Turkish-backed militants operating in Syria’s Idlib province plan to attack Turkish forces and blame it on the Syrian army, Russia’s state-run news agency TASS reported on Tuesday.
“According to our information, militants from terrorist organizations plan to carry out a shelling attack near the Tedil settlement in the Idlib province, using mortars and multiple-launch rocket systems,” TASS quoted Alexander Grinkevich, deputy chairman of the Russian Center for Reconciliation of the Opposing Sides in Syria, as saying.
Turkey has 12 observation posts in Idlib province, nine of which had already been surrounded by the forces of Syrian President Bashar al-Assad during clashes in March, prior to the conclusion of a ceasefire with Russia. Turkey then lost 60 Turkish soldiers around its military posts, while Turkish-backed rebels had lost control of a large chunk of territory in the region.
Turkey had allegedly failed to supply its nine posts for 30 days during the March fights as they were isolated behind Syrian regime lines. Since then, the Syrian regime has further pressured the Turkish posts by settling civilians around them, according to a report by Middle East Eye.
Since the March ceasefire, Russian forces had until recently escorted Turkish supply missions in order to protect them from Syrian fire. The situation in the region started changing in September when talks between Turkish and Russian officials failed.
As in the case of Nagorno-Karabakh, Turkey and Russia back opposing sides in Syria’s war, with Ankara supporting the rebels and Moscow backing Damascus. Under the brokered partial ceasefire, the fighting has significantly decreased, with intermittent airstrikes and artillery attacks from both sides.
“Terrorists intend to post a video showing the consequences of the shelling on the Internet and blame Syrian government forces of attacking Turkish positions,” Grinkevich noted.
The Russian Center for Reconciliation called on the commanders of rebel units to abandon arms and join peaceful efforts to resolve the situation in the areas they control, TASS reported.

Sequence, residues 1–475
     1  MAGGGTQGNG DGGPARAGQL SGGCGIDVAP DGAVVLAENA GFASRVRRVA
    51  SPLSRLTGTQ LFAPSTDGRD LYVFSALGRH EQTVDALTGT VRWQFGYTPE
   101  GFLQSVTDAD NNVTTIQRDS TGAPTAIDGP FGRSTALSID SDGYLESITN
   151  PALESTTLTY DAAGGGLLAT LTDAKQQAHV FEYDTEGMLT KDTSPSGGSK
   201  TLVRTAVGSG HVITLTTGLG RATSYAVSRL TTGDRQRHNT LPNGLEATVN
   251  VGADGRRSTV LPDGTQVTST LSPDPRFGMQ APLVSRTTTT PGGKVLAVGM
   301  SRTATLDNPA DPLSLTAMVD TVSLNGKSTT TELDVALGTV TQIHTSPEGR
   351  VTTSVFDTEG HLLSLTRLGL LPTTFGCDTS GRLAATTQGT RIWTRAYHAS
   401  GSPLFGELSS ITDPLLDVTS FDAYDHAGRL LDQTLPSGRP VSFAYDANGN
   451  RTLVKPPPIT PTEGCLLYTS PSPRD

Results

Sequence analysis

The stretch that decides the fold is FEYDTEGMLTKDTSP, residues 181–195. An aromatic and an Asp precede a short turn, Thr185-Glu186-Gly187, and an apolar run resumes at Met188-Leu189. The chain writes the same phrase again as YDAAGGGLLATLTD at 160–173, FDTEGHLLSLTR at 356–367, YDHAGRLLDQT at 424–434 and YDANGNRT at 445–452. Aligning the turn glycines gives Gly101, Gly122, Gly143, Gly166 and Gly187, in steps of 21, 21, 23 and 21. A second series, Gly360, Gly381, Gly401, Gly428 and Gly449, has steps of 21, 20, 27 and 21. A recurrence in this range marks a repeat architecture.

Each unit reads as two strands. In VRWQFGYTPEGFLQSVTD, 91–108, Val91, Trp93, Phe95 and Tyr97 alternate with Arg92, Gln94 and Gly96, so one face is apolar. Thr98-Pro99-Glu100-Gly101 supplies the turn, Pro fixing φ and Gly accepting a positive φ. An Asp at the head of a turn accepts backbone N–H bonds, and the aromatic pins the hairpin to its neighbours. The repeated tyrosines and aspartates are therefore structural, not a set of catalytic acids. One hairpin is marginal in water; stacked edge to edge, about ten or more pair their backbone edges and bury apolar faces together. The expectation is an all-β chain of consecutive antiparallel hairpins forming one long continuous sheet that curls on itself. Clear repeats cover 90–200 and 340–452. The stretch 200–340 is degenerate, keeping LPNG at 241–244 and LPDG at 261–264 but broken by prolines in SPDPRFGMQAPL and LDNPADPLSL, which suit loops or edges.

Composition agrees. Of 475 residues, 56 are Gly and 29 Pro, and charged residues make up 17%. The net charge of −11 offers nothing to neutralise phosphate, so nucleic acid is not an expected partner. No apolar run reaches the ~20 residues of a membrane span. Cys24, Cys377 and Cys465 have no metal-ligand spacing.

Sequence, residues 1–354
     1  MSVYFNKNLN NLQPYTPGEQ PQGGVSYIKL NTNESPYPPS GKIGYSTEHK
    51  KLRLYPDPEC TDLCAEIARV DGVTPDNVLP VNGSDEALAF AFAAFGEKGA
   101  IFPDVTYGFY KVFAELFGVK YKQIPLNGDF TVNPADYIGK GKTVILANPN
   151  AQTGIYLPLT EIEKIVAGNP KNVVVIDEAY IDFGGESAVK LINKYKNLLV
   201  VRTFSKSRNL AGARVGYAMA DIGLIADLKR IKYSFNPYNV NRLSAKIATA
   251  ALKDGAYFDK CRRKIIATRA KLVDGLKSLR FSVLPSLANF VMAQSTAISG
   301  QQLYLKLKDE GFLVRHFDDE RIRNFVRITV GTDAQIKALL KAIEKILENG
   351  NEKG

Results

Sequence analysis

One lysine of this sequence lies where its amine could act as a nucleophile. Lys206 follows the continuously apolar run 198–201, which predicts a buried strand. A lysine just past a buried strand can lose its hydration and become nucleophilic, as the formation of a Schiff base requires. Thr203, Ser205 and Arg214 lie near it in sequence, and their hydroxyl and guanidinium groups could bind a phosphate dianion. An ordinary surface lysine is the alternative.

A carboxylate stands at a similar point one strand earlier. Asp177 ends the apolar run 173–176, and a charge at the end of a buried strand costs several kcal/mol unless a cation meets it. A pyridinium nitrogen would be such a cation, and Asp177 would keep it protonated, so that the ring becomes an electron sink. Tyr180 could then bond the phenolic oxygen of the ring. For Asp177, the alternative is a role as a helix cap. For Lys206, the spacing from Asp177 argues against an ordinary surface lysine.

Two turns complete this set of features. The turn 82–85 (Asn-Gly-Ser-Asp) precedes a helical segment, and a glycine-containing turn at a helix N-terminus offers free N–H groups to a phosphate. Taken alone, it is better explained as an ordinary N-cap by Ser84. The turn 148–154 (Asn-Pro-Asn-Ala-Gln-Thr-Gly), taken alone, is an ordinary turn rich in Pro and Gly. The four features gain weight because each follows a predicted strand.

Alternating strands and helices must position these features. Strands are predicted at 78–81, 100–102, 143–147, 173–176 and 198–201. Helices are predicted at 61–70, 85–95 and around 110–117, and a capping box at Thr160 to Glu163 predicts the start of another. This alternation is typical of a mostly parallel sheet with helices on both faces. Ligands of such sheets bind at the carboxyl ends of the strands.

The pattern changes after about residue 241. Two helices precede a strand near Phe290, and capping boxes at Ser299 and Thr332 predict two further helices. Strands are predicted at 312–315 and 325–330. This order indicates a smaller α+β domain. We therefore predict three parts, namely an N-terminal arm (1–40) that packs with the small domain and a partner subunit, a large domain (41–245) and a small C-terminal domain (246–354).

Troops amassed, region braces for showdown
Observers noted recent movement in the forces of the two major actors in Syria, as Turkey and the Russian-backed Damascus regime are reportedly amassing forces near the last rebel-held enclave of northwestern Idlib province in what appears to be preparations for a major showdown involving a NATO army against Russian equipment in the country’s protracted civil war.
A new Turkish column of nearly 20 vehicles carrying military and logistical supplies crossed into Syrian territory on Tuesday, the Syrian Observatory for Human Rights (SOHR) war monitor reported.
Since February 2, more than 10,730 trucks and military vehicles have entered Idlib province, including tanks, personnel carriers, armored vehicles, mobile bulletproof guard booths and military radars, in addition to the entry of hundreds of soldiers, SOHR reported.
Turkish forces are continuing their withdrawal from the Sher Maghar post in Jabal Shahshbo, in northwestern Hama province, to a military post in the village of Qoqfin in the southern Idlib countryside.
SOHR also said it had monitored the complete evacuation of the Turkish observation post in Idlib’s Murek district, 10 days after Turkish forces began dismantling it.
Turkish forces set up this post, Ankara’s biggest in the region, 30 months ago on April 7, 2018.
“I think these withdrawals are clearly related to the Turkish expectation of a new military operation by the Assad regime supported by Russia and Iran,” a security source speaking to TRT World said on October 20.
“In the event of a military escalation in Idlib, the weakest point for Turkey are these observation posts because they are way behind the front lines. The geographic distance is a threat for Turkey,” added the source, who wanted to remain anonymous.